Romney wants to help the poor in this country. The easiest way to help the poor is with food stamps, free health care, universal pre-K, and a dole with no time limits. All things the Republican party actively opposes. And it would be easy to pay for all this if we taxed investments at 35%, the same as earned income instead of the current 15%. Also raise the death tax since when someone is dead they hardly need all that money any more. Besides we all know that giving people free money (whether welfare or an inheritance) is a moral hazard.
Charlotte said on January 14, 2015 at 11:10 am
Beb — we used to joke at Lake Forest high school about being the best-defended rich suburb in the country. Fort Sheridan to the south, land donated by the Armours after the Haymarket Riots specifically to defend the Armours and Swifts against the ravening hordes dying in their meat packing plants –and Great Lakes to the north. Of course, we were also being poisoned by the toxic plume from Great Lakes and the leaky Zion nuclear power plant … but that’s a different story. LFHS is now all fancy and spiffy, but when I was in high school, it’s still where the children of the “servants and tradespeople” sent their kids — rich kids went to prep school (and brought the good drugs back with them at breaks). We actually got a pretty good social history education ….
Bitter Scribe said on January 14, 2015 at 11:14 am
Romney probably has the same thing going for him now that he did in 2012: He’s the only one of the bunch who can be counted on not to say or do something idiotic, or have some hand grenade from his past go off, every single week. How do you think he got the nomination in 2012 when no one really liked him? (I still remember that Daily Show segment where John Oliver found some guy somewhere who was enthusiastic about Mitt as a person, just because he was Mitt. Oliver treated the guy like he was the last member of a lost tribe from the Amazon.)
Deborah said on January 14, 2015 at 11:34 am
Beb, I think the main reason for the police only ticketing or arresting when they have to is to deny the city revenue that is made off of that. It probably won’t have any (or little) effect on crime. Their beef is with the mayor and they’re trying to hit him in the pocketbook. IMO anyway.
Jeff Borden said on January 14, 2015 at 11:34 am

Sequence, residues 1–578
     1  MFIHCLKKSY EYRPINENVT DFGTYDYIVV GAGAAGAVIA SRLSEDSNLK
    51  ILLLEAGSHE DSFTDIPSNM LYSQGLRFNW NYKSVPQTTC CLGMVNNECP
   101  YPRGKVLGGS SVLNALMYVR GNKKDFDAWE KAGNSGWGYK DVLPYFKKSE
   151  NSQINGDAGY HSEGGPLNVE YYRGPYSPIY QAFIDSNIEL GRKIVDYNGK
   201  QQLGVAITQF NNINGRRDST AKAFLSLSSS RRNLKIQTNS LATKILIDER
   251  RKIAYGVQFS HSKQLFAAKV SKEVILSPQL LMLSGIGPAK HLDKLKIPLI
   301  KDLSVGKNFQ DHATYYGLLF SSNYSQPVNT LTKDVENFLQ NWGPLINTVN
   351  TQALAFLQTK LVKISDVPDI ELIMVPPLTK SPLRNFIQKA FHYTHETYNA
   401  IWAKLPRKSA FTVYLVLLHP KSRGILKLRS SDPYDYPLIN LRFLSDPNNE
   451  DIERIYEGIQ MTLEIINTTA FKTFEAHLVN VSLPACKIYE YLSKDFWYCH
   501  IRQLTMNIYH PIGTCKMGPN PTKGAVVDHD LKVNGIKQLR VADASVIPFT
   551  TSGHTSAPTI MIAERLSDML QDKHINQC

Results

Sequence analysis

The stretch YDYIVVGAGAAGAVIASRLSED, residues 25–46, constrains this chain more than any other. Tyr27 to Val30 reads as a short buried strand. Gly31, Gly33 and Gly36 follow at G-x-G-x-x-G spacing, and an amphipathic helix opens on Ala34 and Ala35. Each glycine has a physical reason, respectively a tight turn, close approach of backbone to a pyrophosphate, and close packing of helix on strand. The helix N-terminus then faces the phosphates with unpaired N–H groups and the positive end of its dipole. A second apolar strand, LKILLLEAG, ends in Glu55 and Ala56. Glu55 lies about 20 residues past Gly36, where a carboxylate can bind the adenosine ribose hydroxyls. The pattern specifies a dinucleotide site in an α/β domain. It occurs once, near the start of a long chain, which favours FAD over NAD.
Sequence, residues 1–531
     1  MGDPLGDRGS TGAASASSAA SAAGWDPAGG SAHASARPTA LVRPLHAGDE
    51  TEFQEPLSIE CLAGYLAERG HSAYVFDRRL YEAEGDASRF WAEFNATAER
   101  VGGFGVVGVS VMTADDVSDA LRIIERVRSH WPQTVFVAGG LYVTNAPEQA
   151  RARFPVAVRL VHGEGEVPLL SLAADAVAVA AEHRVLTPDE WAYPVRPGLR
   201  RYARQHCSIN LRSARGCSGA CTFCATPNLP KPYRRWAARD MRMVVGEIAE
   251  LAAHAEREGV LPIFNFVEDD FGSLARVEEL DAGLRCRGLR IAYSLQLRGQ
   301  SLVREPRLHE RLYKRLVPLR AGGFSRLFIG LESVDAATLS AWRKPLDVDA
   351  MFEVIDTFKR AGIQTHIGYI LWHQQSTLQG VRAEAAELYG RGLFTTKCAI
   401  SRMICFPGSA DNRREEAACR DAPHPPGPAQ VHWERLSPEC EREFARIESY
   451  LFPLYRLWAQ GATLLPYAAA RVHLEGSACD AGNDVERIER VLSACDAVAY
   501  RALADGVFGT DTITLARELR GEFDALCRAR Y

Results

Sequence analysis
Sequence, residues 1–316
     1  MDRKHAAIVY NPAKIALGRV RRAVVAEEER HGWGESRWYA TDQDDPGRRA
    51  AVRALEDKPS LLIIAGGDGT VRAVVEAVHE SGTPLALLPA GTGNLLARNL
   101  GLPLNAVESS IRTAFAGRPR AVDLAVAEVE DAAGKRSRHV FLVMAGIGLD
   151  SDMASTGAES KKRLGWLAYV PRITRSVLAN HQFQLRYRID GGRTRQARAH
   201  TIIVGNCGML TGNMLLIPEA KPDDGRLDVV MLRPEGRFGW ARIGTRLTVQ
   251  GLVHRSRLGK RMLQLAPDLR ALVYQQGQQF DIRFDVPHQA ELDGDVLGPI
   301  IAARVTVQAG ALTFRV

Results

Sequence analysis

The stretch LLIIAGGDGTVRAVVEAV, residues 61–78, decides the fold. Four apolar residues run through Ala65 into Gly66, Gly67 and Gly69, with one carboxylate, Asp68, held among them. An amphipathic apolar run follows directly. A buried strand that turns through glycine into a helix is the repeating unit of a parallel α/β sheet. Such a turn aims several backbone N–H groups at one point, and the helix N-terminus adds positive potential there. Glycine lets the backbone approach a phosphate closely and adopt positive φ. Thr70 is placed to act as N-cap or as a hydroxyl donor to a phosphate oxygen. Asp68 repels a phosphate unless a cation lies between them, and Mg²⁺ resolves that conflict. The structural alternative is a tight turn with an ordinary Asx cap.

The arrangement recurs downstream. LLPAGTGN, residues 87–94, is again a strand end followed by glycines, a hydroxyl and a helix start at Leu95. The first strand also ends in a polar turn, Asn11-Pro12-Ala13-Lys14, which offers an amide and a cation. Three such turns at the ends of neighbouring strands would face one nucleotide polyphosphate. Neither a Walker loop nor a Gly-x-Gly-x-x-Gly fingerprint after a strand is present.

What kind of personality do you need to possess to run for a third time when the nation has yawned at you the previous two campaigns? I saw some crap one of Romney’s advisors was spouting, namely, that Mitt was simply “too much of a patriot” to allow his beloved America to continue on its current path. Luckily, Mitt wasn’t “too much of a patriot” to serve in Vietnam (he was doing his missionary work for the Mormon church in France). Nor have any of his five songs been “too much of a patriot” to serve in all the conflicts Daddy has supported.
If there is an overused word in the U.S. these days, it’s patriot. When scum like Ted Nugent and Glenn Beck and the Quitta from Wasilla are referred to as patriots, the word has lost all meaning.
brian stouder said on January 14, 2015 at 11:36 am
He’s the only one of the bunch who can be counted on not to say or do something idiotic, or have some hand grenade from his past go off,
Bitter, I was all set to disagree – and then read your last phrase –
every single week
So I agree – Romney won’t slowly spiral into the ground, like Jeb will.
He’s more prone to a spectacular “Oops” moment (like Governor Perry)…recall the tuxedo-clad write-off and dismissal of “the 47%” who aren’t worth two shits to even talk to.
Mitt seems to want to be the GOP’s Adlai Stevenson
susan said on January 14, 2015 at 11:38 am
BitterScribe @9…uhmmmm, what about that secretly recorded ‘47%’ talk rMoney gave at a meeting of his peers? And the family trip with the dog caged on top of the car? Oh and about that rMoney…
brian stouder said on January 14, 2015 at 11:45 am
What Susan said!! (and a great link, too)
Judybusy said on January 14, 2015 at 11:54 am